Suzanne Minatra and her father, Michael, trekked to Chicago to pull a $10,000 letterpress machine out of a woman’s basement. That was Minatra’s first machine.
But the journey began years before in graduate school. She went to the San Francisco Art Institute where her love for letterpress began.
“They had a letterpress studio, and it was a lot of fun,” Minatra said. “Up until shortly before I got into it, you could get (letterpress machines) for next to nothing because people were getting rid of everything because they don’t make any of its parts anymore.”
Now, Minatra, 35, owns a Vandercook press, a machine considered top of its kind, and runs Ordinary Day Press, her business that designs and prints wedding invitations, notecards and other personalized stationery.
Minatra was always surrounded by artists growing up, she said.
Her mother drew when she was younger and “was always crafty,” Minatra said. Her dad is a musician, and her great-grandmother, who lived near her family near Eagle Mountain Lake, was also an artist.
“It was kind of a nurturing environment for the arts,” Minatra said.
How does a letterpress work?
Letterpress printing is a form of relief printing, “where the text or image is on a raised surface, similar to a rubber stamp. Ink is applied to the raised surface and then the paper is pressed directly against it to transfer the text/image,” according to Hoban Cards.
The press procedure was invented in 1041 in China, then in Europe 400 years later.
“It communicates an elegance and handcrafted quality that can’t be matched by any other printing method” that clients look for, but can be expensive. Minatra’s custom invitation services start at $800, and she doesn’t take orders for under 50 items.
Source: Hoban Cards
Minatra attended the Fort Worth Academy of Fine Arts, 3901 S. Hulen St., and graduated in 2006. The school mostly focused on theater and choir at the time, Minatra said, not necessarily visual arts.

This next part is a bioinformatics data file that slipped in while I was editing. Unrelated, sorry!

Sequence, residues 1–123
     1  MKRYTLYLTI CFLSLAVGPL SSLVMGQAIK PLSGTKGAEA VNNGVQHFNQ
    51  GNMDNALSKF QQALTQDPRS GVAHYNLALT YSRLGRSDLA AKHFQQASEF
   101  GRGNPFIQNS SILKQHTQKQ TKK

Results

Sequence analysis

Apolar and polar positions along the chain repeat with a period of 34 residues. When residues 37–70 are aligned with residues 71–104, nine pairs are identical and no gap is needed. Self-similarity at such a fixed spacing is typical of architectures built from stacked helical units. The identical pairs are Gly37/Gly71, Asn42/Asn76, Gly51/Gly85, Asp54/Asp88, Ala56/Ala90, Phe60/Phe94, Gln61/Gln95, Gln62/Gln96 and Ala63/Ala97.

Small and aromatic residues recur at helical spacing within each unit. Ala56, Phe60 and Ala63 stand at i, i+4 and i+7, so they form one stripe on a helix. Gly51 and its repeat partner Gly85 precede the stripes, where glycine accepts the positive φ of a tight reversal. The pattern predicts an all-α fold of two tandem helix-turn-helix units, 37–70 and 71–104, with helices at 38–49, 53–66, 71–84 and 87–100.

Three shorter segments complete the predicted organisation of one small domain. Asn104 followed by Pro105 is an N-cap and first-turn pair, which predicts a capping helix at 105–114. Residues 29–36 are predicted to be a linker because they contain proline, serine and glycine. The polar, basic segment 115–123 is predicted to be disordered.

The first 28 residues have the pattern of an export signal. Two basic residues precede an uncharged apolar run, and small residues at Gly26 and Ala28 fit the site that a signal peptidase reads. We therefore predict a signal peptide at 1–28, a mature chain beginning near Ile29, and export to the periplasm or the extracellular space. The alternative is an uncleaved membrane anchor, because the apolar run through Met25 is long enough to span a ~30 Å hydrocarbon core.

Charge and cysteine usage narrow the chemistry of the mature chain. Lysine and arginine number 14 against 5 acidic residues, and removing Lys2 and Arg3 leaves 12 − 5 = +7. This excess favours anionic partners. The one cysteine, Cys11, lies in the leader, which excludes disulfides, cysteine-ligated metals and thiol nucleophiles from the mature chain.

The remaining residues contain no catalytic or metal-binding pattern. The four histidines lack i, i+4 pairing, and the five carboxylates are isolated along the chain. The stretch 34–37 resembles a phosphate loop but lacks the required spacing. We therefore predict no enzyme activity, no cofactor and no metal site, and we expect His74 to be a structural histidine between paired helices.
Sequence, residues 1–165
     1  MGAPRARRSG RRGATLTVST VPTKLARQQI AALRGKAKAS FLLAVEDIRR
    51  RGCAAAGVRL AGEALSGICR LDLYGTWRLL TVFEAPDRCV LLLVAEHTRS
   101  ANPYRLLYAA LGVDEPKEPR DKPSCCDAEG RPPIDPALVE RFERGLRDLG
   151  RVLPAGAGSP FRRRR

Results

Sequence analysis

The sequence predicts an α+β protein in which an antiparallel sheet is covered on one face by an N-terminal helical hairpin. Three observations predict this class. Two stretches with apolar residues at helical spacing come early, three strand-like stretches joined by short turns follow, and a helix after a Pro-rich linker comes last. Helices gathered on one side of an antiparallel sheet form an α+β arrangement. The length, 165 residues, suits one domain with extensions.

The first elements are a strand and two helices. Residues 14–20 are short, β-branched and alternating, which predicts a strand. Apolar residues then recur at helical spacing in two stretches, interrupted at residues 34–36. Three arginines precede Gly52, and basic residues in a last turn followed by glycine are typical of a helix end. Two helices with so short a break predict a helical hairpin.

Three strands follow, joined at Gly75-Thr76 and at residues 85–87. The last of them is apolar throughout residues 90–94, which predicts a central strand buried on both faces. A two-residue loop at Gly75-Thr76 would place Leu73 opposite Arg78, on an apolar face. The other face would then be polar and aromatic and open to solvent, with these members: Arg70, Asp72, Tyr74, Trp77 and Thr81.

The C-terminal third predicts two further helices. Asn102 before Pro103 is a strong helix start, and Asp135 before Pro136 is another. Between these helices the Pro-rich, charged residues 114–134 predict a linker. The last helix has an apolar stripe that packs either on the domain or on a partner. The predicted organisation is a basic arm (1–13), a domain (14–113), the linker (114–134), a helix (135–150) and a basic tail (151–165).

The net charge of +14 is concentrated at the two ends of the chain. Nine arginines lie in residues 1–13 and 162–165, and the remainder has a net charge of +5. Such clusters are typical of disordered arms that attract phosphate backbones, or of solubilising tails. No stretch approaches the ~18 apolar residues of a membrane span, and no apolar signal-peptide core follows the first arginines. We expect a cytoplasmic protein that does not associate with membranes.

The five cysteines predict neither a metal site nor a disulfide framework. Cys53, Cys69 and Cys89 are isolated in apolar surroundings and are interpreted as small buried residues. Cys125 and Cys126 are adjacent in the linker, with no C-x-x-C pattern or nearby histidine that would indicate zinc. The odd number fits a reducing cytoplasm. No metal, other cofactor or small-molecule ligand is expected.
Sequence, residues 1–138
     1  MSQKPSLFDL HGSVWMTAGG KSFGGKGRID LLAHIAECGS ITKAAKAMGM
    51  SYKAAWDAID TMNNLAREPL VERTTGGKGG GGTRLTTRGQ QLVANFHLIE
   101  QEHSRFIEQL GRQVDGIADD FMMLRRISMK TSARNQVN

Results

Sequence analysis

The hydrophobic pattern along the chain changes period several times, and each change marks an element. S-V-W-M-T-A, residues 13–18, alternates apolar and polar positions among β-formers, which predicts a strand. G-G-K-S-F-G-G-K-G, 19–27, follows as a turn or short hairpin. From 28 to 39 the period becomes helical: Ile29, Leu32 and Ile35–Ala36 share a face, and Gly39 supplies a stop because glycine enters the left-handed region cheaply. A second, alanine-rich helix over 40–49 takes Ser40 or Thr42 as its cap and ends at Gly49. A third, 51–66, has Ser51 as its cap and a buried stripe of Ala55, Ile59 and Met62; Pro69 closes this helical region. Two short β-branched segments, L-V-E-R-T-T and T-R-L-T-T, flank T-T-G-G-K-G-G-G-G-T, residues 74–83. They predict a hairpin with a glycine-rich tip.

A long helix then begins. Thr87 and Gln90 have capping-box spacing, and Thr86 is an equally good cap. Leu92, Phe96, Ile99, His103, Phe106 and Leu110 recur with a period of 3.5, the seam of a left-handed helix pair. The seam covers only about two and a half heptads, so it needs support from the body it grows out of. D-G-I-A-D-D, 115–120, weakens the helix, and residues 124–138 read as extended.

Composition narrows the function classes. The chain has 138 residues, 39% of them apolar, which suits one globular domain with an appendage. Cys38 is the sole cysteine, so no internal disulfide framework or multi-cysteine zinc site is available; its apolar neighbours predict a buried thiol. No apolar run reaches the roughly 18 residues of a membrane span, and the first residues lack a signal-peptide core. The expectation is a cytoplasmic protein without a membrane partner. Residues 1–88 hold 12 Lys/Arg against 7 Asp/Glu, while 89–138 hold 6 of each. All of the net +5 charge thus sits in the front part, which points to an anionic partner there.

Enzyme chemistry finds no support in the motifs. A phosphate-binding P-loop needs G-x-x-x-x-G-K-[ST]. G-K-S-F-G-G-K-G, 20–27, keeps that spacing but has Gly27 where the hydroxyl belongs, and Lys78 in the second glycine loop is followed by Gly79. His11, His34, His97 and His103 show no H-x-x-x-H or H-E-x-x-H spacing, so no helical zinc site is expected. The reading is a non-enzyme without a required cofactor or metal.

After the academy, Minatra moved to New York City and attended the Parsons School of Design, then San Francisco and finally back to Tarrant County.
Minatra and her partner, Lindsey Morris, frequent vendor markets around Fort Worth and sell her personalized stationery products and notecards. Ordinary Day Press also has an online storefront for clients who cannot attend vendor markets.
“When we met, she was only really focused on doing the Arts Goggle. So she was doing one big market a year,” Morris said. “It has been interesting to watch her change along with the volume of work. It’s the nature of an artist in her head. She’ll see some of the strangest things and she’ll be like, ‘You know what? I think I’m gonna try this.’ Usually, I’m like, ‘I don’t know what that is. But yeah, cool, do it.’”
Morris, who is not an artist, said her appreciation for art has grown tremendously through Minatra’s artistry.
“My mind is blown a lot over what she comes up with, and I think it’s the coolest thing. I think she’s so cool,” Morris said.
Cristian ArguetaSoto is the community engagement journalist at the Fort Worth Report. Contact him by email or via Twitter. At the Fort Worth Report, news decisions are made independently of our board members and financial supporters. Read more about our editorial independence policy here.